A Powerful Learning Opportunity

One of the most powerful things I’ve been part of recent years is the opportunity I’ve had to connect pre-service teachers with experienced classroom teachers via an online mentorship. This has transformed many young people and offered them an experience to work with great teachers from around the world and observe first hand what it means to use technology to amplify and enhance learning through technology.

This video illustrates one example of what happened last term as Carey Pohanka and one of my students worked together. If you were one of those students or teachers impacted by this mentorship program, please feel free to leave a comment as well.

I’ve written about it before here so I won’t go into any more detail other than to invite you to be a part of this experience from September to December. If you’re interested, fill out this form and I’ll get back to you. Thanks.

 

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  • These kinds of learning experiences really are powerful for preservice teachers. I taught a class during my last year as a doc student where preservice teachers were paired with an inservice teacher, then planned, implemented and evaluated a tech-based project aligning with the teacher’s curriculum. I think in terms of nudging preservice teachers toward tech use in their own classrooms, these authentic experiences are very effective. The hands-on “community of practice” approach also aligns with frameworks established by Everett Rogers (diffusion of innovations) and Peggy Ertmer for the adoption of new ideas. This is one of the best applications I’ve seen of Google Earth, too. I’ve been reluctant in showing it to my preservice teachers because once the coolness wears off, I struggle to find educational uses of the tool. I will definitely bookmark this video for future lessons.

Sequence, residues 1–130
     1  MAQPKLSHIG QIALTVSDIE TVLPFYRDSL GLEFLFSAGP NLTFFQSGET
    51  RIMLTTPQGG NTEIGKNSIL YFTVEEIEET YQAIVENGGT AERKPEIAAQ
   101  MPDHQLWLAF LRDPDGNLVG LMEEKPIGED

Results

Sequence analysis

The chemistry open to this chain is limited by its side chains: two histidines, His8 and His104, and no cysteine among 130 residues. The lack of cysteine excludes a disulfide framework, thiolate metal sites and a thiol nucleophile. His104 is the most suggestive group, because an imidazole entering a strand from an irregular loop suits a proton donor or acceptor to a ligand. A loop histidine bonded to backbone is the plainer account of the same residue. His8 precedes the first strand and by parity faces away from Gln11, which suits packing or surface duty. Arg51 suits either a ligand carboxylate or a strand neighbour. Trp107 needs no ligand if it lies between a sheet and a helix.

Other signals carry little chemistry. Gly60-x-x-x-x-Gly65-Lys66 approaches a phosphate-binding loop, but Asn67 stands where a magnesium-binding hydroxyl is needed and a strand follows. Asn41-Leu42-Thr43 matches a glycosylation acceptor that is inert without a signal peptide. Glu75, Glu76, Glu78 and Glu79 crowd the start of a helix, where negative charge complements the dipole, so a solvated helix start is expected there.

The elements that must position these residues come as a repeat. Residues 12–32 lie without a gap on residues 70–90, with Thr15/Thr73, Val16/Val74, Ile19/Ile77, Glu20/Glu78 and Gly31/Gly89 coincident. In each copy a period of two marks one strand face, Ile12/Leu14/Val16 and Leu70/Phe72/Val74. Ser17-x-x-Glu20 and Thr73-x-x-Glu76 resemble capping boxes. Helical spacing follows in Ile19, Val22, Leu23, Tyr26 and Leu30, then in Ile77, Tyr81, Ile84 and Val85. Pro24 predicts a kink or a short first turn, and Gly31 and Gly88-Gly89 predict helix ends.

.-= Curby Alexander´s last blog ..Unrolling Prezi =-.

  • Mike Domerese

    While I am not a college professor, I just loved the short video clip I just saw. These are things I had already planned to implement into my classroom this year, particularly using google earth to do just like you did. (Giving the kids a look at what it really looks like. I also have a plan to try and hook up with teachers in other countries this year to do things very similar to the “Did you know videos,” and even try and get a live video feed up and running with them! Glad to see great minds think a like and I also now see how well it works. Thank you!

  • I taught high school English decades ago at a rural high school in Kansas. One of my colleagues, a Kansas native, had gone to Kansas State U. in Manhattan, Kansas, with a guy from Manhattan in New York City.

    Frank, in addition to growing up in Harlem and playing football at K-State, was a poet. He visited my class. Most of the students had met only one other black person, none of them knew anyone from New York, and none of them had met a poet.

    This brief video underscores how teachers can choose to transcend limitations of geography and opportunity. “What happened at school today?” “We talked about a class of kids in Malaysia” — an almost unimaginable country becomes as vivid as the neighboring country.
    .-= Dave Ferguson´s last blog ..Shareski’s not-top list and the rage of Achilles =-.

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